Patriarch St. Sophronius of Jerusalem was called the Sophist because of his knowledge of Greek. He was an ardent opponent of monothelitism. Many of his writings, including the Florilegium and the life of St. John the Almsgiver, are no longer extant. He wrote an encomium on John of Cyrus and composed 23 anacreontic odes on the feasts of the church. His Christmas homily of 634 suggests that the Saracens held Bethlehem at that time. (Historians had dated the event later). The Orthodox remember St. Sophronius chiefly as the author of the life of St. Mary of Egypt. Sophronius was born in Damascus around 560. He and his friend John Moschus became ascetics together while they were in their late teens or early twenties. Some say they lived near the Jordan; some say they lived in Egypt. In 605, Sophronius fled to Alexandria in the wake of Persian invaders, and when the Persians invaded Alexandria in 616, he fled to Rome. In 619, he returned to Palestine and lived in the Theodosius monastery in Jerusalem. When Patriarch Cyrus of Alexandria began to preach monothelitism, St. Sophronius travelled to that city to argue against him; in 633, when Patriarch Sergius of Constantinople began to preach monothelitism, St. Sophronius travelled to that city to argue against him. Neither visit was successful. After Sophronius was elected Patriarch of Jerusalem in 634, he wrote the Synodical Letter to teach the two wills of Christ. In 637, the Muslims captured Jerusalem; St. Sophronius died a year later of grief at the fall of his city.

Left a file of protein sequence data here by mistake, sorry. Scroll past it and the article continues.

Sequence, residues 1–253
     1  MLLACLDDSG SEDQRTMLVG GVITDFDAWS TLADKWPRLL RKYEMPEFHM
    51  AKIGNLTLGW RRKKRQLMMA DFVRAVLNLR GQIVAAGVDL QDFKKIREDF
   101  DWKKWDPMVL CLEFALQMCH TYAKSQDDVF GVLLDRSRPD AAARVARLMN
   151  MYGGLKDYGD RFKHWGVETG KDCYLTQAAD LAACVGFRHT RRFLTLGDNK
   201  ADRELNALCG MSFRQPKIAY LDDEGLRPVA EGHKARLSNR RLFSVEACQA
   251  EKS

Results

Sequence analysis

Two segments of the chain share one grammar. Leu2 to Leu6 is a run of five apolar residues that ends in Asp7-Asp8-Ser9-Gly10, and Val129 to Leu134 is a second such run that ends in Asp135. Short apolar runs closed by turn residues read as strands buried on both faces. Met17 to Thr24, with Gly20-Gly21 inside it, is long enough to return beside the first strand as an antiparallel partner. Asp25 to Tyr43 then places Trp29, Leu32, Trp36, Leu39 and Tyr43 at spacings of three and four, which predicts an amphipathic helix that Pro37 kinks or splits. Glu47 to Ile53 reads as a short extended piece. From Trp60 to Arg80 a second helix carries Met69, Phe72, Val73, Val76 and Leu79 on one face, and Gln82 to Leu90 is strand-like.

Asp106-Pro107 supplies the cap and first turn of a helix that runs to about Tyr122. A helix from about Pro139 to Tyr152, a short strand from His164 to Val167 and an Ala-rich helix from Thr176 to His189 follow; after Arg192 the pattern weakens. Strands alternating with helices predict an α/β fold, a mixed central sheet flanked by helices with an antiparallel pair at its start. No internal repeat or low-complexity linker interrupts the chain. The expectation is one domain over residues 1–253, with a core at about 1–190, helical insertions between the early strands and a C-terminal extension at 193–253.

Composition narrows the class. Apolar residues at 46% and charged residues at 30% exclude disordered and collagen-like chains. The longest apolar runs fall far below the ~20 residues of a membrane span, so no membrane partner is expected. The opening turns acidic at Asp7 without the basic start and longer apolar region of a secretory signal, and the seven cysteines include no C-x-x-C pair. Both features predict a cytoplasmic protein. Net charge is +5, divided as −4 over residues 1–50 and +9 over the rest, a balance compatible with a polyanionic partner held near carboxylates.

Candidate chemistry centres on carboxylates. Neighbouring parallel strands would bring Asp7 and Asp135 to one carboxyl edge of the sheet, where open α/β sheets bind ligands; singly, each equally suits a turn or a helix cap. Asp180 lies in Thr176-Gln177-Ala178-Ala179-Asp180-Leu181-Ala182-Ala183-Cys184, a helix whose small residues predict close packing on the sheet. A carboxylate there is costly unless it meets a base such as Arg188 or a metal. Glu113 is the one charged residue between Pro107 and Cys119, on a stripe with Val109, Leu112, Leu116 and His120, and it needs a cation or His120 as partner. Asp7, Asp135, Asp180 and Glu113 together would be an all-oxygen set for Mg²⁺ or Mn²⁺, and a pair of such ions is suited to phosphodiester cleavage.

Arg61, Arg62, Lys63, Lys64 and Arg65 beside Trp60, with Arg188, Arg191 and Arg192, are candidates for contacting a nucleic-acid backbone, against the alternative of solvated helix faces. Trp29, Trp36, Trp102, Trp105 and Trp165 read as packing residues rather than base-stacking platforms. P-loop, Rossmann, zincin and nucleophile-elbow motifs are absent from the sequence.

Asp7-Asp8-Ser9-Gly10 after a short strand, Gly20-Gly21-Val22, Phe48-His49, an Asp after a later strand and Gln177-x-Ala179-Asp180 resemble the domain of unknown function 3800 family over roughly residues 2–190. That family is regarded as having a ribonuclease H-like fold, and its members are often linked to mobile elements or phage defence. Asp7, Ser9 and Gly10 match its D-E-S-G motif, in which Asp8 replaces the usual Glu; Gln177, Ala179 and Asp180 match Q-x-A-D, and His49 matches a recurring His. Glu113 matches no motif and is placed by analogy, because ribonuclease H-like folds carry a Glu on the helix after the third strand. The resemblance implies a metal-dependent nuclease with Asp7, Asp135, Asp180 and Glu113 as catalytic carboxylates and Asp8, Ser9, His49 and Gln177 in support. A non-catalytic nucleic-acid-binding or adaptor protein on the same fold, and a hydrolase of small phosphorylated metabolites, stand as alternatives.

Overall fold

St. Joseph was born at Cupertino, in the diocese of Nardo in the Kingdom of Naples, in 1603. After spending his childhood and adolescence in simplicity and innocence, he finally joined the Franciscan ... continue readingMore Saint of the Day
Elizabeth Bayley Seton was the first native born American to be canonized by the Catholic Church. Born two years before the American Revolution, Elizabeth grew up in the "cream" of New York society. She was a prolific reader, and read everything from the ... continue readingMore Female Saints
St. Michael the Archangel - Feast day - September 29th The name Michael signifies "Who is like to God?" and was the warcry of the good angels in the battle fought in heaven against satan and his followers. Holy Scripture describes St. Michael as "one of the chief ... continue reading
The name Gabriel means "man of God," or "God has shown himself mighty." It appears first in the prophesies of Daniel in the Old Testament. The angel announced to Daniel the prophecy of the seventy weeks. His name also occurs in the apocryphal book of Henoch. He was the ... continue reading
St. John Vianney, Priest (Patron of priests) Feast day - August 4 Universally known as the "Cure of Ars)," St. John Mary Vianney was ordained a priest in 1815. Three years later he was made ... continue reading
By Deacon Keith A Fournier
God and his angels look down upon us; Christ, who looks on as we do battle in the contest of faith. What great dignity and glory are ours, what happiness to struggle in the presence of God and to be crowned by Christ our judge. Let us be armed with a great ... continue readingMore Christian Saints & Heroes